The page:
Scientists Unlock Non-Coding Half of the Genome: The Mystery Behind 'Junk' DNA
Scientists may have just uncovered the secrets of an obscure swatch of human DNA that was once thought to be nothing more than biological trash. The new findings could shed light on complex genetic-related diseases, such as cancer and diabetes.
The piece of human DNA is called heterochromatin. This tightly packed section of the vast, non-coding section of the human genome was previously thought to have no real function and was considered to be "junk" DNA.
During the study, the researchers monitored the dynamics of the heterochromatic sequence in fruit flies by modifying a technique called quantitative polymerase chain reaction (QPCR), which is a process used to amplify specific DNA sequences from a relatively small amount of starting material. Then, they added fluorescent dye to see the fruit fly DNA changes and to observe any variations. In the end, the scientists found that differences in the heterochromatin exist. This, in particular, confirms that the junk DNA is not stagnant as researchers had originally believed. Instead, mutations that can affect other parts of the genome are capable of occurring.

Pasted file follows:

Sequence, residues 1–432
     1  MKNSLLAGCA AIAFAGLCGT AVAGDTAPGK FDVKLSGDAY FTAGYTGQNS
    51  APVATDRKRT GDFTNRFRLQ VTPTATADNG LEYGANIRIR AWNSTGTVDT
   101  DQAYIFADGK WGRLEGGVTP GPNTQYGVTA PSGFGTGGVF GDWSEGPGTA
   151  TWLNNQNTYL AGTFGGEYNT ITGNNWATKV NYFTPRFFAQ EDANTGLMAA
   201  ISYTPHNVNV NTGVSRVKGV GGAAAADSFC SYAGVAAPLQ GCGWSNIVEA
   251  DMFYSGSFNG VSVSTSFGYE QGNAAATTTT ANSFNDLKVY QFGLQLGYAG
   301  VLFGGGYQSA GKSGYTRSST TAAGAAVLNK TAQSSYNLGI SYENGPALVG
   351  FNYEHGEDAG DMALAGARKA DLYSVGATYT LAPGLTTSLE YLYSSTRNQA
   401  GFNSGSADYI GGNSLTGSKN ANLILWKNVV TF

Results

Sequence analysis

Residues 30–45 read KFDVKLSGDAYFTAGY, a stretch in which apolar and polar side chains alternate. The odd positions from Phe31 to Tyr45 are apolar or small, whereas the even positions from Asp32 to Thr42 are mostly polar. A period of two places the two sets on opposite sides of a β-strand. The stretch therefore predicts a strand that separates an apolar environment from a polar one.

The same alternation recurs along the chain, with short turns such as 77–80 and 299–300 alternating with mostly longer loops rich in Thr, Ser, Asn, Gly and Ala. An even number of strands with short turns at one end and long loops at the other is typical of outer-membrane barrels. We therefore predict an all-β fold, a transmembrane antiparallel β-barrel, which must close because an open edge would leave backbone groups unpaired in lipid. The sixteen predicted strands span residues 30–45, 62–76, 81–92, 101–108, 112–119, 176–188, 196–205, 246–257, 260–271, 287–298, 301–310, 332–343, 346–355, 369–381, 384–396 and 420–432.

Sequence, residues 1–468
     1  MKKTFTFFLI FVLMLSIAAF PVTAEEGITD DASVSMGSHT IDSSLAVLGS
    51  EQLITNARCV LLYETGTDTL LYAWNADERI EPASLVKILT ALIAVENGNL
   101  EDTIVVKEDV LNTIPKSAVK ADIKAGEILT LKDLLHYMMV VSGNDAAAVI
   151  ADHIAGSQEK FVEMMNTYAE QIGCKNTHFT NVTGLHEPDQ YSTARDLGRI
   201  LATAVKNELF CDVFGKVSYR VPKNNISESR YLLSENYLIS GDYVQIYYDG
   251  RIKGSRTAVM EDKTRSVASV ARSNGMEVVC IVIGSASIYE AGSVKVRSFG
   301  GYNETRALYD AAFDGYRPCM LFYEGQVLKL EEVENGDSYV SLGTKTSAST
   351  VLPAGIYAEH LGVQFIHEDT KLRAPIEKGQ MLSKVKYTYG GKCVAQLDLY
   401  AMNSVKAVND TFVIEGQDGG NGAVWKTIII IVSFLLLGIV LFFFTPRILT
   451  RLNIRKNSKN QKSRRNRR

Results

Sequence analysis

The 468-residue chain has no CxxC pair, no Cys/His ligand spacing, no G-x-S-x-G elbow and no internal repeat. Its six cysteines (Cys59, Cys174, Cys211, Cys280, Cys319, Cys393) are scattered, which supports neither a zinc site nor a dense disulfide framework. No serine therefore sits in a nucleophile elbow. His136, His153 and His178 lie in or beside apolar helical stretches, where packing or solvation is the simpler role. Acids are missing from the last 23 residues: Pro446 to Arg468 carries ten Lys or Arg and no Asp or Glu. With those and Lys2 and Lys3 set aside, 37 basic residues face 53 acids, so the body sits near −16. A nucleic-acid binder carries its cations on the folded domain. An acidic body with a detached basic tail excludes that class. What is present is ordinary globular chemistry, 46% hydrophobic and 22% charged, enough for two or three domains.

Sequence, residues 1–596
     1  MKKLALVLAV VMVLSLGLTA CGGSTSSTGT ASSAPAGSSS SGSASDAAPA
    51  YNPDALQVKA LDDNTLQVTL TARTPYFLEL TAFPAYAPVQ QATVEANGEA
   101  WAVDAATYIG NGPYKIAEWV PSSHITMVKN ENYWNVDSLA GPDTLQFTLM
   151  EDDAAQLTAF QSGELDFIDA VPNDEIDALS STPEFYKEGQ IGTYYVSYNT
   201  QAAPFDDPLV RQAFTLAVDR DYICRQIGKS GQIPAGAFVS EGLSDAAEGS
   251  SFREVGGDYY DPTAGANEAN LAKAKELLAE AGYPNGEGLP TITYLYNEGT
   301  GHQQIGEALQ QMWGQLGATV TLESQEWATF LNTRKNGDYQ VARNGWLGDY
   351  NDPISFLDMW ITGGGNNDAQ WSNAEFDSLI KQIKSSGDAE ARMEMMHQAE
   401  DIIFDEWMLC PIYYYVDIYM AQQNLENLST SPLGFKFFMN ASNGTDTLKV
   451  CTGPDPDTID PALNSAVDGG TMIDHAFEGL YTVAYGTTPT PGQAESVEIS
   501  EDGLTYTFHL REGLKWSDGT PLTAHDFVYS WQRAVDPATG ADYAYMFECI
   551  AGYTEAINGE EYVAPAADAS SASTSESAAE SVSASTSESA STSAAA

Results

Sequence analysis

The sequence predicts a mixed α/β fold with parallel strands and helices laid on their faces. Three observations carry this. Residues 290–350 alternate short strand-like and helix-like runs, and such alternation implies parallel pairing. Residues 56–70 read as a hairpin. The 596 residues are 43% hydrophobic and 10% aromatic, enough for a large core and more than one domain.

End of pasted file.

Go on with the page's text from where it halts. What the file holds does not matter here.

"We know that there is hidden variation there, like disease proclivities or things that are evolutionarily important, but we never knew how to study it," said Keith Maggert, one of the researchers, in a news release. "We couldn't even do the simplest things because we didn't know if there was a little DNA or a lot of it. This work opens up the other non-coding half of the genome."
DNA material in chromosomes is made up of coding and non-coding regions. The coding regions, known as genes, contain the information necessary for a cell to make proteins. Yet far less is known about the non-coding regions, beyond the fact that they are not directly related to making proteins. Yet now, scientists have found a way to get a closer look at these non-coding sections.
"There is so much talk about understanding the connection between genetics and disease and finding personalized therapies," said Maggert. "However, this topic is incomplete unless biologists can look at the entire genome. We still can't-yet-but at least now we're a step closer."
The findings are published in the journal PLOS One.